Natomas Would Suffer From School Takeover

Officials last night painted a bleak picture for Natomas should the state take over its schools.

Superintendent Bobbie Plough gave school board members a detailed report on the impacts of bankruptcy proceedings, a multi-million dollar loan that would take several years to repay, and appointment of a state trustee to oversee all Natomas Unified operations. If the district fails to meet a Nov. 30 deadline, the process will start to borrow the money needed to keep the school district afloat.

Once the bond is sold to secure the multi-million dollar loan, “there is no turning back,” said Plough. “All power lies in the hands of one person, and there is no public accountability.”

The school district’s management and confidential employees have agreed to take a 7.9 percent pay cut and several unpaid furlough days to help close an $8.9 million cash-flow gap. District officials continue to negotiate with the teachers’ and classified employee unions for similar concessions, but to date, no agreements have been reached.

Plough’s report included insight from state trustees and steps they took to mend finances in other school districts, including Compton and Oakland. If the trustee cannot secure employee concessions, she said, Natomas could expect:
  • 36 students in elementary grade classrooms and 40+ in secondary grades.
  • Teacher and support staff layoffs.
  • School closures.
  • Consolidation of administrative and support staff.
“We are asking, once again, (for employees) to make a huge sacrifice,” said Plough. “I understand that.”

A handful of Natomas residents, including councilmember-elect Angelique Ashby who has a child in Natomas schools, made the case for pay cuts and avoiding a state takeover in Natomas. The local housing market, economy and a generation of children would feel the impact of state receivership for many years to come, they said.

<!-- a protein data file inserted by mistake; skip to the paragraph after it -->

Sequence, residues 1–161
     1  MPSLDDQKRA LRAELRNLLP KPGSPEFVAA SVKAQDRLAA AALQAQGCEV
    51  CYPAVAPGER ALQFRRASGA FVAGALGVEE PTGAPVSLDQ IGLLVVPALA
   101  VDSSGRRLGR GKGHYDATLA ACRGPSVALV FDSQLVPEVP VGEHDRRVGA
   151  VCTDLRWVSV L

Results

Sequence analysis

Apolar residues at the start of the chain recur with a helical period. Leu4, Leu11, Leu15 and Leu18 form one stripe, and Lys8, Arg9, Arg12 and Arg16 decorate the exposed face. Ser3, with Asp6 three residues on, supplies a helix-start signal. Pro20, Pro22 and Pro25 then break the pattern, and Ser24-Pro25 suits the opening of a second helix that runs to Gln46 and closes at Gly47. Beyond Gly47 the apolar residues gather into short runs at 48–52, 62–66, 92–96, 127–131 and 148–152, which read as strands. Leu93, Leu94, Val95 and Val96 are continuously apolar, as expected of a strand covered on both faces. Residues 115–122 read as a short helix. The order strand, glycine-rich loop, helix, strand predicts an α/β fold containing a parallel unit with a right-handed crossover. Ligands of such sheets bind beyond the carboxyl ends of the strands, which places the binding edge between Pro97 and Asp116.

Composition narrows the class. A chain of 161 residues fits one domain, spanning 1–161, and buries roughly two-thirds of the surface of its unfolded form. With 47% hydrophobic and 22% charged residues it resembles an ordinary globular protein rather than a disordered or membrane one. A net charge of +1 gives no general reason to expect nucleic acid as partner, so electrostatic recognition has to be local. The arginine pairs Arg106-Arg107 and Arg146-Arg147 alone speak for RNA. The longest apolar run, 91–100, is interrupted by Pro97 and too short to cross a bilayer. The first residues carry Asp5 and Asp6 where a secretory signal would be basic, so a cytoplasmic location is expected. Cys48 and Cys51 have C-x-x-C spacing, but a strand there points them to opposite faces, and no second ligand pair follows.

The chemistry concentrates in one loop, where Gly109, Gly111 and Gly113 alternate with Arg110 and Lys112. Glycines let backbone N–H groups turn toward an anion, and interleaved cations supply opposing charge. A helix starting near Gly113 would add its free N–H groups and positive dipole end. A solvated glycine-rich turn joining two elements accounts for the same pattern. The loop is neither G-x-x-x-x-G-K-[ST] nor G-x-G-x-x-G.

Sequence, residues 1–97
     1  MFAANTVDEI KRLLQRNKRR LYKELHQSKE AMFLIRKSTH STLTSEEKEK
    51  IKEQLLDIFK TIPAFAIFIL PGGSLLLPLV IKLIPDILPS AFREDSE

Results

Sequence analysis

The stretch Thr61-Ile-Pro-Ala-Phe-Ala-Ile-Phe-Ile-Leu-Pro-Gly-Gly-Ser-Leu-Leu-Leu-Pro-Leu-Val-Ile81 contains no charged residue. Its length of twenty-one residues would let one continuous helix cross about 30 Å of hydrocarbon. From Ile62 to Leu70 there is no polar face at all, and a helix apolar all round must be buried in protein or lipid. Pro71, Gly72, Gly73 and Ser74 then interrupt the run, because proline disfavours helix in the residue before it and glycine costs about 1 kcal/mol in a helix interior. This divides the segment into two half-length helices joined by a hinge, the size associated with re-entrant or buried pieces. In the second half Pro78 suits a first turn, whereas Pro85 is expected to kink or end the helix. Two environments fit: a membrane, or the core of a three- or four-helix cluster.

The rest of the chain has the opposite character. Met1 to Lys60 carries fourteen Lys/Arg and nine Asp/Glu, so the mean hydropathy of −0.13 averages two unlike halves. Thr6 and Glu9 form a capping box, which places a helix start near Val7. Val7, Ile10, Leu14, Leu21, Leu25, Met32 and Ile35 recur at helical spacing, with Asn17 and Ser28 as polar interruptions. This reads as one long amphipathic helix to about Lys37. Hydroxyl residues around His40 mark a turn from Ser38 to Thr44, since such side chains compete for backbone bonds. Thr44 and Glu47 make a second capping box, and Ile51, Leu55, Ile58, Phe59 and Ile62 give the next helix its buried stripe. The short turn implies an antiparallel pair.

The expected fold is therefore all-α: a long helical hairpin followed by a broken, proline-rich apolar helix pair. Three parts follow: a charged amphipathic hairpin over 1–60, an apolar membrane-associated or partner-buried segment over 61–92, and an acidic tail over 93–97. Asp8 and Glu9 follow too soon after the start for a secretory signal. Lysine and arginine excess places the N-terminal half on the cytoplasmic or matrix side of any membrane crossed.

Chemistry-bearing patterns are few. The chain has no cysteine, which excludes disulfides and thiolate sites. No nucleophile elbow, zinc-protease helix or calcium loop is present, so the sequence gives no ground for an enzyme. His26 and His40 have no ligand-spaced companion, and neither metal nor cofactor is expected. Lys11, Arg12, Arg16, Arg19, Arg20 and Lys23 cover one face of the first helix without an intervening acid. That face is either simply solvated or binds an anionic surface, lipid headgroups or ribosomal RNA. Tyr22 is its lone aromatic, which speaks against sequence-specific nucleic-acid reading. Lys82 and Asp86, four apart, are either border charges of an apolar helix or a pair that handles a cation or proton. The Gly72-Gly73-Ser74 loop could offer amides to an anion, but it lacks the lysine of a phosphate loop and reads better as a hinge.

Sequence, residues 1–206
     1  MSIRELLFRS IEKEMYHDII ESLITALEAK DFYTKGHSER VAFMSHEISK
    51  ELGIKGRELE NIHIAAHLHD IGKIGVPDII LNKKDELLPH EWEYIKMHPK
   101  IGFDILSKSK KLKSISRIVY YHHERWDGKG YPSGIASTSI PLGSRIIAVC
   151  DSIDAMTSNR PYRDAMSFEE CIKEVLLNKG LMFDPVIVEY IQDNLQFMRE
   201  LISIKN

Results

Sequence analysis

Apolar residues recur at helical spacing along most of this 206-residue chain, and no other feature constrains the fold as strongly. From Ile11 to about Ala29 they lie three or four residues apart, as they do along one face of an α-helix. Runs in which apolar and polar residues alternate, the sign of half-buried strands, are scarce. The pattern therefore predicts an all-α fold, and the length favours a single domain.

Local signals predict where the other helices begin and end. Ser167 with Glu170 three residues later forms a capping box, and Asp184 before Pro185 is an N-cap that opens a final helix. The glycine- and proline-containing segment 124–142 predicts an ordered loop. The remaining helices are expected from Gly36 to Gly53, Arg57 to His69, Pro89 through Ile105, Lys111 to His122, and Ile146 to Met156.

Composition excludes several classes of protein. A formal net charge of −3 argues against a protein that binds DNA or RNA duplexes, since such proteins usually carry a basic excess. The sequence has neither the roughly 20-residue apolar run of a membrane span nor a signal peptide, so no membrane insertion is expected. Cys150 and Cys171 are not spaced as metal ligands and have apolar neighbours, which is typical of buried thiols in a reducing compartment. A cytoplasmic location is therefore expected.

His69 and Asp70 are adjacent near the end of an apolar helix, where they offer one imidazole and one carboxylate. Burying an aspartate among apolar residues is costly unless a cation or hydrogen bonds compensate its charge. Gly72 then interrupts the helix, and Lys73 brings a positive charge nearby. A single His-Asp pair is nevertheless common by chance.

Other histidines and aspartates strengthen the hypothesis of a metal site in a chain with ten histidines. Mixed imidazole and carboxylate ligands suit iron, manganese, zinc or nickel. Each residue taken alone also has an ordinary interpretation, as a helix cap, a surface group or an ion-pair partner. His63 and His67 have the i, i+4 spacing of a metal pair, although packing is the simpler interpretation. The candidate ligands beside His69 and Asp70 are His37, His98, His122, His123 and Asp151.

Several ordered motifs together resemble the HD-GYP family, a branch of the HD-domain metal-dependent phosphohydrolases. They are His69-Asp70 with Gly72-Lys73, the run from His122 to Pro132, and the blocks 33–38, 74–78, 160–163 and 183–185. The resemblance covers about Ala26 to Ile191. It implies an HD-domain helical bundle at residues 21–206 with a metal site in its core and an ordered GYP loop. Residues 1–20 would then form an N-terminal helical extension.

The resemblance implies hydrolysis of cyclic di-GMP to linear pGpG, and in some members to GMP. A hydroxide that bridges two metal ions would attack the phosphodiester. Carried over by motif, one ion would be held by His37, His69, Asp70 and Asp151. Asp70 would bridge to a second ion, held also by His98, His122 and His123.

School board member Lisa Kaplan pointed out employee pay cuts for the 2011-12 school year is not a long-term solution to Natomas Unified’s money woes and that similar cuts would be needed in subsequent years.

Plough agreed, but said the pay cuts would avoid a state takeover in the short term and buy the district time to explore other options.

Independent charter schools operating within the Natomas Unified School District’s boundaries would not be affected by a state takeover.


  1. Yet another example of the teachers who have not been affected by layoffs and the union looking out for adults instead of for the children they teach. Ask a teacher who has been laid off if they would be willing to make salary concessions if they could keep their jobs? Their answer, for many would be in a heartbeat! Many Natomas teachers are making upwards of $70,000 a year because they have been teaching for so long. While I agree an experienced teacher is a good thing, sometimes you have to think about the sacrifices you could make to save the kids. Just a thought. Thank you Buzz for posting this.